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Joe Surkiewicz: BNI celebrates two anniversaries

How best to celebrate 55 years of providing equal opportunity for people to live where they choose?

For Baltimore Neighborhoods Inc., a nonprofit that promotes justice in housing throughout Maryland, it includes invoking the spirit of James Rouse at an event at Cross Keys, the first planned community built by the nationally renowned developer.

“Mr. Rouse was a visionary in so many ways,” said BNI Executive Director Robert Strupp. “Even before constructing well-known local projects like Harborplace and Columbia, Mr. Rouse’s goal of diverse and sustainable communities was evidenced by this little known fact: James Rouse, along with fellow Baltimoreans Melvin J. Sykes, Sydney Hollander Jr. and others, had the foresight to create BNI in 1959.”

The May 21 annual meeting and event also will mark the 100th anniversary year of the birth of Rouse, who was a life-long promoter of housing justice.

“What’s relevant about Rouse today is that, at our founding, he said concentrations of poverty would cause economic problems,” Strupp said. “He saw that it was a problem. He was an early promoter of economic opportunity. He was a leader in the 1950s of the concept of people of all races living together — that there should be no widespread concentration of poverty.”

The evening event at the Radisson Cross Keys will feature Baltimore City Housing Commissioner Paul Graziano as keynote speaker. Live music will be provided by classical violinist and singer Tona Brown, a former Baltimore resident.

A film screening at the Radisson before the event will focus on a growing problem: consumer fraud against the elderly. The showing of “Fleeced,” produced by the National Community Reinvestment Coalition, is cosponsored by BNI and the Maryland Consumer Rights Coalition.

Strupp was quick to point out that the film isn’t being screened just because of his cameo appearance.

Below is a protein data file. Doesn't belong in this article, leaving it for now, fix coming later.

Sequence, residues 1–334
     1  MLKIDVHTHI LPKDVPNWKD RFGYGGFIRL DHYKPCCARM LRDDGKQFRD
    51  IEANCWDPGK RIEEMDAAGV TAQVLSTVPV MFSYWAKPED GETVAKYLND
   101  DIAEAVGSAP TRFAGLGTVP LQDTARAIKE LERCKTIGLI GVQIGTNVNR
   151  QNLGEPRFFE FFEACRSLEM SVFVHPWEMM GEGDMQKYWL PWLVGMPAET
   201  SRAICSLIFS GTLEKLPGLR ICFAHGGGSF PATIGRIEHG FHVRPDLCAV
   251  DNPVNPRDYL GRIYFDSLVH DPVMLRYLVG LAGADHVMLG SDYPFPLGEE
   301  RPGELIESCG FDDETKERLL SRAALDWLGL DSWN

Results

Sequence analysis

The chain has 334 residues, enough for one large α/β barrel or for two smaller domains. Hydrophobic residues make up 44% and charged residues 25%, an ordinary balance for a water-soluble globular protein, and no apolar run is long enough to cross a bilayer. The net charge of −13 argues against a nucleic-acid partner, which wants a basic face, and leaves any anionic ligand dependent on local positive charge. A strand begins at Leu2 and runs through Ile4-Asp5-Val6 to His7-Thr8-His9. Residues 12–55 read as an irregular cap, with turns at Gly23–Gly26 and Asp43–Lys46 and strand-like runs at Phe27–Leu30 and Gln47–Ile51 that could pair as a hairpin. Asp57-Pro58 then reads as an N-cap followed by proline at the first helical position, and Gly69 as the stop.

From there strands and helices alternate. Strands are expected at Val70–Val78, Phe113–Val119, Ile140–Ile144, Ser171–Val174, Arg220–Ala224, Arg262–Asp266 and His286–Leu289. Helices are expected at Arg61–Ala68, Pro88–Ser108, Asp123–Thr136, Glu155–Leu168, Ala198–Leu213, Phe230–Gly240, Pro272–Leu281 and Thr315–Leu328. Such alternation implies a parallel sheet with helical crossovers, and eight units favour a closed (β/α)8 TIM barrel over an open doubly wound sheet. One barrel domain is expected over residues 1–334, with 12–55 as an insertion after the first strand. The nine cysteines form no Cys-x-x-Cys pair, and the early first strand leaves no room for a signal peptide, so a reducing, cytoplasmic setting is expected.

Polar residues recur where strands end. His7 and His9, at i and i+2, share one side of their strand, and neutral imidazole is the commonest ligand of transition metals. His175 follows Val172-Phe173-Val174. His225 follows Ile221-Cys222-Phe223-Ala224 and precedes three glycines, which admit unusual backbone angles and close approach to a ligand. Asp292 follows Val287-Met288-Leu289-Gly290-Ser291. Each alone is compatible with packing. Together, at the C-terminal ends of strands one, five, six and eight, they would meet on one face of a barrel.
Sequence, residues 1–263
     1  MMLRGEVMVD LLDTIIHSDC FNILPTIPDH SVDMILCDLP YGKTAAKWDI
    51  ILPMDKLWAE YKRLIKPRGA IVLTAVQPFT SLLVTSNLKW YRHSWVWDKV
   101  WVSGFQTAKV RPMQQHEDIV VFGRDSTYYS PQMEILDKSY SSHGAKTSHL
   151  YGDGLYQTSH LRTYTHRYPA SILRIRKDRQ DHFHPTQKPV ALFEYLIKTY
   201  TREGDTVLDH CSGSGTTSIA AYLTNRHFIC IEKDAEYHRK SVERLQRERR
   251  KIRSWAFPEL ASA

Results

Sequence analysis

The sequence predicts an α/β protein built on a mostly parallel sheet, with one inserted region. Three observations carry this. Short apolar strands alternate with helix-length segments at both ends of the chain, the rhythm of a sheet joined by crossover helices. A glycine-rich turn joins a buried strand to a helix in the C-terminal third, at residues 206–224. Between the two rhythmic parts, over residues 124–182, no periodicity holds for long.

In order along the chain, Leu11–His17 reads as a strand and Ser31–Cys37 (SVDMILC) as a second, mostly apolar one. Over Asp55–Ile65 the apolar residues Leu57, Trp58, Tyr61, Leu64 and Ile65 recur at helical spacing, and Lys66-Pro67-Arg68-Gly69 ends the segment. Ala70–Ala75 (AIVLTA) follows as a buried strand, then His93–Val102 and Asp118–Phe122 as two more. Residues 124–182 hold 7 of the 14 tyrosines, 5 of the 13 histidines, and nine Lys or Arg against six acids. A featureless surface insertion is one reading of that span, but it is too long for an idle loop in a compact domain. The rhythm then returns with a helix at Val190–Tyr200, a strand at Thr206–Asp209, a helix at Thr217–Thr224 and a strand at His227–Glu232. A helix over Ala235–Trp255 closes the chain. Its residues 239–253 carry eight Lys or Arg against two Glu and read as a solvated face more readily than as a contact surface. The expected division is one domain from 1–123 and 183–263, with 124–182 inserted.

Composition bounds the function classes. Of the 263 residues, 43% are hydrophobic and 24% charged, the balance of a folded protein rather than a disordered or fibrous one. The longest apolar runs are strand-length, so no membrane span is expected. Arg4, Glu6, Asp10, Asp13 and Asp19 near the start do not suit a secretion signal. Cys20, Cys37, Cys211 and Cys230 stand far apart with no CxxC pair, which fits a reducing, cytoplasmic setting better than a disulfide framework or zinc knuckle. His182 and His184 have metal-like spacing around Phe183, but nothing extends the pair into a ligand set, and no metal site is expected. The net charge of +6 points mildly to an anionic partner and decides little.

“The film does a phenomenal job showing fraud against the elderly, which gives rise to a discussion to expanding fair housing protection for seniors,” he said. “Baltimore City, Baltimore County and a few other jurisdictions already have it, but not at the state or national level. It frequently includes housing issues.”

Seniors are frequently preyed upon in a number ways, including home improvement scammers, Strupp said: “They will say you need a new roof that you really don’t need. Expanding legal protections would be an additional deterrent to that kind of bad conduct, which is housing-related and tied to lending,” Strupp said.

It’s a problem that’s under the radar and there’s not much education about it, he added: “It’s also complex. People are embarrassed to talk about being the victim of a scam, which undermines the independence of seniors.”

Most of BNI’s work today is not exclusively focused around race-based discrimination. In fact, the leading bases for complaint today are discrimination based on disability and familial status. Yet, Strupp pointed out, housing discrimination hasn’t gone away.

“Today, despite laws prohibiting discrimination, such practices persist in a variety of forms, blatant and subtle,” he said. “BNI sees violations predicated on race, color or national origin, gender, religion, familial status or disability, which are all prohibited by the federal Fair Housing Act, as well laws adopted at the state or local level.”

Maryland state law, for example, protects against housing discrimination based on sexual orientation and marital status, and the 2014 General Assembly adopted protection based on gender identity, now awaiting the governor’s signature.

Most people, as well as programs like BNI, work in “silos,” where major problems are dealt with one-at-a time, Strupp said. Visionaries, however, look at the bigger picture.

“It is worth noting that Mr. Rouse addressed more than just housing itself, by also focusing on job training, crime prevention, education and, in another sign of being ahead of his time, health care,” Strupp said.

“It was Mr. Rouse’s conviction ‘that we cannot seriously improve the lives of the people at the bottom of our society today unless we do all these things at one time… it is my conviction that it is far easier to do that all at one time than it is to approach the problems by the single-shot approach.’

“Clearly,” Strupp concluded, “55 years after BNI’s beginning, we still have work to do.”

“Fleeced” will be screened at 2:30, followed by a workshop on the movie. Admission to the movie is free.

The event is from 5:30 p.m. to 9 p.m. Tickets for the event are $55 and include hors d’oeuvres, dessert, an open bar, and a silent auction. For more information, call (410) 243-4468. To purchase tickets, go to

Joe Surkiewicz is director of communications at the Homeless Persons Representation Project in Baltimore. His email is